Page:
Hsuan, an adventurous 300FeetOut designer, inexplicably loves driving south during the hot summer season. Catching the tail of 2014’s summer, Hsuan recently embarked on a weeklong road trip with her favorite travel buddy, Tai, who was visiting from Taiwan.
As usual, they loosely planned their route before departure, with the intent of hitting as many noteworthy destinations as possible. All in all, they traversed five states in one short week.
Hsuan’s fantasy dream home is a remote cabin in the middle of the desert. Thanks to Airbnb, she found herself smack dab in the middle of her fantasy – the boonies. In eight hours, they were disconnected from city life – chilling on their cabin’s front porch, eating breakfast with gigantic ants, showering outdoors, counting countless stars and catching the supermoon in the night sky.
A big fan of natural phenomena, Hsuan’s excitement peaked while visiting Horseshoe Bend and Antelope Canyon in Page, Arizona; Arches National Park in Moab, Utah. Not to mention the multitude of rock formations they saw throughout their drive.
After being surrounded by million year old rock formations, Hsuan and Tai hit the fast forward button a few years and landed in Old Town Albuquerque, officially founded in 1706. Wandering these New Mexico streets in wonder brought them to face-to-face with museums, shops, galleries, restaurants and some very nice people. Immersed in this living piece of history, Hsuan’s designer self reveled in the vivid colors, textures, Adobe architecture and hand-painted signage.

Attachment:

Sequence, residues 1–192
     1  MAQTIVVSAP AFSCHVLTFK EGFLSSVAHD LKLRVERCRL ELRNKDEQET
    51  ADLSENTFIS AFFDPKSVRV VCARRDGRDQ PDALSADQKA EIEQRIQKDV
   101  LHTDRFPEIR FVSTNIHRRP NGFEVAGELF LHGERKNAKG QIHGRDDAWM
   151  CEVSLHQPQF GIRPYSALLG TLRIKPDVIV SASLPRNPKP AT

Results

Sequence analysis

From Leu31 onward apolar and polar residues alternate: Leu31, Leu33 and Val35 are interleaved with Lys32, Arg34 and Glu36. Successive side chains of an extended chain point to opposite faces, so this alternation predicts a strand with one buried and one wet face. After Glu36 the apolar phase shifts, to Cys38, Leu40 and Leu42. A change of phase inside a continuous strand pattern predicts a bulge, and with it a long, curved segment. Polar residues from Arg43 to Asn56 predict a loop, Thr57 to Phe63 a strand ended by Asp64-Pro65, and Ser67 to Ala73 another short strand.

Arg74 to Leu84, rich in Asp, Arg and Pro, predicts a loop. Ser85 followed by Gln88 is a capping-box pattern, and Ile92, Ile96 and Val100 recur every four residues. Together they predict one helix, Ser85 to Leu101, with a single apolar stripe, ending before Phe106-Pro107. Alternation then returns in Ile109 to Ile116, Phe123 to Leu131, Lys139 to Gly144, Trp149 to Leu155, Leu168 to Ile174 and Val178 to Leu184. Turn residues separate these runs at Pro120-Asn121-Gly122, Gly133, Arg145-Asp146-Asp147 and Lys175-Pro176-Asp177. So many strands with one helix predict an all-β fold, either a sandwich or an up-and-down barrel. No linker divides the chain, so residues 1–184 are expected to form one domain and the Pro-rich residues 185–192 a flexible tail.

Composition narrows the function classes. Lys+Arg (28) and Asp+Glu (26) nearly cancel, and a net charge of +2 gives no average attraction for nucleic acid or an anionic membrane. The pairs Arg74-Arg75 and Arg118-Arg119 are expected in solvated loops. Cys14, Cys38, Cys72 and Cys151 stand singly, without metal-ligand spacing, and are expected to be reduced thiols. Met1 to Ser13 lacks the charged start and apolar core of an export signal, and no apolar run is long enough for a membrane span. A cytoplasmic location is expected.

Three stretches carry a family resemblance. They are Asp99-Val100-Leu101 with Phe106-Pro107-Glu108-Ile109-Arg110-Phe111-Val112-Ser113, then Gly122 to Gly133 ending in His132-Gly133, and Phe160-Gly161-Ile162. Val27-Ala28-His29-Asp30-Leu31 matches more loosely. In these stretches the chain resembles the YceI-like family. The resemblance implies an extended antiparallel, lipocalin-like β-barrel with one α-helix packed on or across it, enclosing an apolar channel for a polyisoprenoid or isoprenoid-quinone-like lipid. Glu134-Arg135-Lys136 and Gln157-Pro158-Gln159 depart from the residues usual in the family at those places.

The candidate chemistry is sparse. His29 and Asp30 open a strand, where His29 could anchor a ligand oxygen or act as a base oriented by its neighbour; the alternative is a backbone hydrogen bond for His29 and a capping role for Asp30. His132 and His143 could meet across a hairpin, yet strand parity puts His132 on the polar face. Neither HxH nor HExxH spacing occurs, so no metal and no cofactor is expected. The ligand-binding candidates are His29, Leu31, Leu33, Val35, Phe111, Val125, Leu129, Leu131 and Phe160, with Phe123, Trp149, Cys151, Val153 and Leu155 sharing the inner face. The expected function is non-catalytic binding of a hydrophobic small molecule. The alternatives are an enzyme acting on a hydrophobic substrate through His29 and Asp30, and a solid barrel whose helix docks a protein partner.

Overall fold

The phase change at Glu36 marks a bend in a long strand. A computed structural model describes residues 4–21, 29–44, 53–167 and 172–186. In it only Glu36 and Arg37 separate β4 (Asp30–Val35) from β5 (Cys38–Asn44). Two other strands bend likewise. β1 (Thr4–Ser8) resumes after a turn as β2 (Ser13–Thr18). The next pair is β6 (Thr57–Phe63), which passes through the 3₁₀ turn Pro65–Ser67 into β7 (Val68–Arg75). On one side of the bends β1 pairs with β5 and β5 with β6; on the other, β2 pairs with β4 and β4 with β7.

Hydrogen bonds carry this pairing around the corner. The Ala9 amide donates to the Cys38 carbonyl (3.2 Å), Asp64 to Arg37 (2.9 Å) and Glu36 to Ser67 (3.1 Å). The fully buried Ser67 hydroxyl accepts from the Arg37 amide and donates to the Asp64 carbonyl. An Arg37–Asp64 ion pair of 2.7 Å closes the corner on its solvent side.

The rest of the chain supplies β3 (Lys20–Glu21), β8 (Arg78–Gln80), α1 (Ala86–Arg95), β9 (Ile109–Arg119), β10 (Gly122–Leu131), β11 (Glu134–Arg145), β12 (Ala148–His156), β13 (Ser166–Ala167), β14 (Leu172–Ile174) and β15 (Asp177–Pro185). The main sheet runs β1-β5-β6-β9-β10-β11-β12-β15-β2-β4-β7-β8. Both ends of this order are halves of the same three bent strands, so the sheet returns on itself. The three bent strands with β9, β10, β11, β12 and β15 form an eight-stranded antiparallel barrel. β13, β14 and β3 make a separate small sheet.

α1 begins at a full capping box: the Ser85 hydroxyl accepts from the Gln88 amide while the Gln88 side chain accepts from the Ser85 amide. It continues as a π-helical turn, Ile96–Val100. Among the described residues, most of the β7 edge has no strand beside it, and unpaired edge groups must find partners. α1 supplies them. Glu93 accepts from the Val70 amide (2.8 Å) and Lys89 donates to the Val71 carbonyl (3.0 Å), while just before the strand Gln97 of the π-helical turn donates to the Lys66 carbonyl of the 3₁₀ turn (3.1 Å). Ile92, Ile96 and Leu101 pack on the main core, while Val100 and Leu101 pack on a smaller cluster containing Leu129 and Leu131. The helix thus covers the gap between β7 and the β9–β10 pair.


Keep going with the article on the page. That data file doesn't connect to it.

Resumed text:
Route 66, a destination for people who love road tripping and getting their kicks, was born in the 1920s to address the increasing number of automobiles on the road. Becoming hip in the 60s, it couldn’t keep up with the traffic demands of the 80s and fell from grace. Thankfully, part of Route 66 is now preserved as a historical site. The old cars, motels, and signs still existing on Route 66 made Hsuan feel she was visiting a living museum.
Las Vegas, the city that never sleeps, needs tons of neon to light up its fun nights.
Founded in 1996, the Neon Museum is a non-profit organization dedicated to collecting, preserving, studying and exhibiting iconic Las Vegas signs. The visitor centered is housed inside the former La Concha Motel lobby, designed and completed by Paul Revere Williams in the 1960s. The Neon Museum’s logo emulates the motel’s iconic Googie architecture design. This Vegas glamour from the past satisfied Hsuan and Tai’s neon envy.
Although 300FeetOut’s San Francisco studio isn’t rocking a fancy neon sign, Hsuan managed to find one during the Neon Museum tour.